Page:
Cyclone Kenneth Strengthens as It Bears Down on Mozambique
(Bloomberg) -- Tropical Cyclone Kenneth continued to grow stronger as it swirled toward the coast of Mozambique, where Anadarko Petroleum Corp. has halted all flights to and from its liquefied natural gas site.
Mozambican authorities declared a “red alert” in Cabo Delgado province as they prepared to evacuate people from the northern region. Relief agencies in the country are already stretched as they deal with the aftermath of Cyclone Idai, which struck in March and killed more than 1,000 people in Mozambique, Zimbabwe and Malawi.
Kenneth’s top winds have reached 185 kilometers (115 miles) per hour in the one-minute average scale used by the U.S., making it a Category 3 storm on the five-step Saffir-Simpson measure, the U.S. Joint Typhoon Warning Center said. It’s forecast to keep strengthening until it makes landfall later Thursday to the north of where Cyclone Idai struck.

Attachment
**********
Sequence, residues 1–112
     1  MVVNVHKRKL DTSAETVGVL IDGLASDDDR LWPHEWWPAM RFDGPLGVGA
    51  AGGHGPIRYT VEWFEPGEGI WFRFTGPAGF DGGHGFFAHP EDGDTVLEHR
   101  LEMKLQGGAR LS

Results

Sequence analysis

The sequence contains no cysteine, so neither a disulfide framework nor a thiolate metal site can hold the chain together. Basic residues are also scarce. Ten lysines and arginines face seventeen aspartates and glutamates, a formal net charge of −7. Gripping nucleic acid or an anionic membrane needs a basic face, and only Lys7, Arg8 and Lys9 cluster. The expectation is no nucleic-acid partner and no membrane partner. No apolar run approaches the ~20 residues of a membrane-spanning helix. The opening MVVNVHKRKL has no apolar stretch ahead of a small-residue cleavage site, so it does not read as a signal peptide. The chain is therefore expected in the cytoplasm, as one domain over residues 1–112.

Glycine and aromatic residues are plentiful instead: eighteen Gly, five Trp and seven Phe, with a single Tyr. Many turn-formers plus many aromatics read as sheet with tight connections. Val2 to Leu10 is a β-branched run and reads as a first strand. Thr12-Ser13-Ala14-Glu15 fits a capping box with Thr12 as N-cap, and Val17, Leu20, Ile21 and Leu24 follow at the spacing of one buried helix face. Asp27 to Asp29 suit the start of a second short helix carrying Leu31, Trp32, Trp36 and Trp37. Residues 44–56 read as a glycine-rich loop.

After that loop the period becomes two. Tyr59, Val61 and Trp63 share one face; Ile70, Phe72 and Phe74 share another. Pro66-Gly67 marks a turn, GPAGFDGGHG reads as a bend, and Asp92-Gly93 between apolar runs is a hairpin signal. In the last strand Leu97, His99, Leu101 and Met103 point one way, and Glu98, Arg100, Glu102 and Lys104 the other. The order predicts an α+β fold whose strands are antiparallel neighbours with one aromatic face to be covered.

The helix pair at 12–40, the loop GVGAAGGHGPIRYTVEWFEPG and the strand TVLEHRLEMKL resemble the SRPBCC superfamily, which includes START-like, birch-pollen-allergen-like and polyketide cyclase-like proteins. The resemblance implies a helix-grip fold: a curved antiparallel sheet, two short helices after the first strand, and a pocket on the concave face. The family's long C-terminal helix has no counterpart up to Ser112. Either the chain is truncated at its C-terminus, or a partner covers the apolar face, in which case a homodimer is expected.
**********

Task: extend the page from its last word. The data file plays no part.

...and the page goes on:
“The latest satellite and high-resolution weather models suggest a devastating impact from an intense tropical cyclone for northern Mozambique,” said Jim Rouiller, chief meteorologist at Energy Weather Group in Philadelphia.
Rouiller said Kenneth could become a Category 4 storm or stronger. The Indian Ocean in that area is quite warm, which will fuel the storm, and there is little wind shear so there are no barriers to keep it from growing.
Anadarko is watching the storm closely and is prepared to offer assistance to local residents, the company said in a statement Wednesday. Winds in excess of 140 kilometers per hour could knock down trees and electricity pylons and blow roofs off houses, said Acacio Tembe, spokesman for the National Institute of Meteorology of Mozambique.
“We predict rainfall above 100 millimeters (4 inches) in 24 hours,” he said by phone. “Because of the effects of the winds, the structures of the gas-research companies are under threat” and infrastructure may be damaged, Tembe said.
Mozambique’s state airline canceled all flights to the northern town of Pemba near the border with Tanzania, where the authorities have also issued a weather warning. The lives of 692,000 people in Mozambique in Cabo Delgado and Nampula provinces are at risk from the storm, according to the National Institute for Disaster Management.
Kenneth will likely linger over land, wringing itself out as it weakens and possibly dropping as much as 61 centimeters of rain, Jeff Masters, founder of Weather Underground, an IBM company, said in a blog post.
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